• The clinic-based areas can be every bit as acute, complex, and important!
  • Many workflows start in the ambulatory clinic-based areas, and end in the Inpatient/ED (hospital)-based areas - And vice-versa! 
So understanding these many hospital-based patient care areas is only a part of the story.


In the Ambulatory (Clinic) based locations, you can find a lot of ambulatory clinics, along with sometimes some remote radiology services, blood draw services, and even some procedural and infusion services. For example, you'll commonly see Primary Care and clinics including : 

  • Neonatology / Maternal Fetal Medicine
  • General Pediatrics
  • Family Medicine
  • Medicine - General Internal Medicine
  • Medicine - Geriatrics
  • Medicine - Cardiology (General non-invasive and invasive/interventioal)
  • Medicine - Endocrinology
  • Medicine - Gastroenterology
  • Medicine - Pulmonary / Sleep Medicine
  • Medicine - Rheumatology
  • Neurology - General
  • Neurology - Movement Disorders
  • Surgery - General
  • Surgery - Neurosurgery
  • Surgery - Ophthalmology
  • Surgery - Plastics
  • Surgery - Otolaryngology (Ear, Nose, & Throat, or ENT)
  • Surgery - Orthopedics (Bone & Joint)
  • Maternal Fetal Medicine
  • Psychiatry - General Adult
  • Psychiatry - Pediatric and Adolescent
  • Dermatology - General Dermatology
  • Dermatology - Mohs Surgery
  • Hematology and Oncology (often divides up into several specialty subdivisions of care)
  • Radiation Oncology
  • Genetics Counseling
  • Physical Therapy
  • Occupational Therapy
  • Speech Therapy
  • Diet/Nutrition
  • Anesthesiology / Perioperative Medicine
  • Urgent Care

... and more!

While they are generally only open during business hours, these ambulatory clinics provide a tremendous amount of care to a tremendous number of patients, and often have acuity, complexity, and safety issues on par with the hospital-based areas.


For our final stop in our tour of the 'House of Healthcare', we'll be stopping at the nursing-home and patient-home-based care. Yes, house visits still exist! These are growing areas for many healthcare institutions, and especially since COVID, this segment is only expected to grow in the near future. It often requires providers with unique documentation/billing practices, but this is an important source of care for hospice, homebound, and nursing home patients.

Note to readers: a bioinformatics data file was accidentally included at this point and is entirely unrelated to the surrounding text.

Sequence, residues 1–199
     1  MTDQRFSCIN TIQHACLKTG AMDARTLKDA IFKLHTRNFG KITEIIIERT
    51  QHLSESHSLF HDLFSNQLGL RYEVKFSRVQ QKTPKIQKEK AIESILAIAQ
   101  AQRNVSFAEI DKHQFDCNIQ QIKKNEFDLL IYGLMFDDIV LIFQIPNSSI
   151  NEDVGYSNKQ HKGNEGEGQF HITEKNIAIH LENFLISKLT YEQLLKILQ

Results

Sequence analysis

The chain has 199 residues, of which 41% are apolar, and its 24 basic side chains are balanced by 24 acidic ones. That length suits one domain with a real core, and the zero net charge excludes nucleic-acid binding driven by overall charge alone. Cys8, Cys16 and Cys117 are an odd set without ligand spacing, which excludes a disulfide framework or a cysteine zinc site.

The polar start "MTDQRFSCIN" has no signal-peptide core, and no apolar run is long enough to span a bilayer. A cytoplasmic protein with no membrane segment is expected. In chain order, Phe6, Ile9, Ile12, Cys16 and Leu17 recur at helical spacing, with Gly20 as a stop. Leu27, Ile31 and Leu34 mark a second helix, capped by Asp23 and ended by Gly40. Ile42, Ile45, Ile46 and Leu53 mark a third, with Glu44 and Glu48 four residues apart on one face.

Before we wrap up our walking tour, it's important to note that Population Health is a growing trend, which ties reimbursement strategies to improved health and improved patient outcomes. While much of the focus is on outpatient/ambulatory clinics, it can also impact a number of hospital-based workflows, and so it's important for everyone to understand the role that Population Health plays.

And for the particular segment that I work in (IT/Informatics), it's important to note that there are essentially four IT/Informatics domains that cover the spectrum of a typical healthcare organization : 

  • Administrative (Enterprise) IT/Informatics (often includes Analytics/Data Governance, and infrastructure like servers, network architecture, security, interface management, hardware/software procurement, life cycle management, desktop/application management, etc.)
  • Academic/Educational IT/Informatics
  • Research IT/Informatics
  • Clinical IT/Informatics
... each with their own unique language, culture, regulations, needs, and stakeholders.

I hope this has been a quick, helpful virtual tour of a typical healthcare organization - Remember, many organizations will vary slightly, based on mission and local financial, legal, or regulatory needs. If you have any questions or comments, please feel free to leave them in the comments section below!

Remember, this blog is for educational discussion only - Your mileage may vary. Have any insights into healthcare structures, or emerging trends that are shaping healthcare? Feel free to leave them in the comments section below!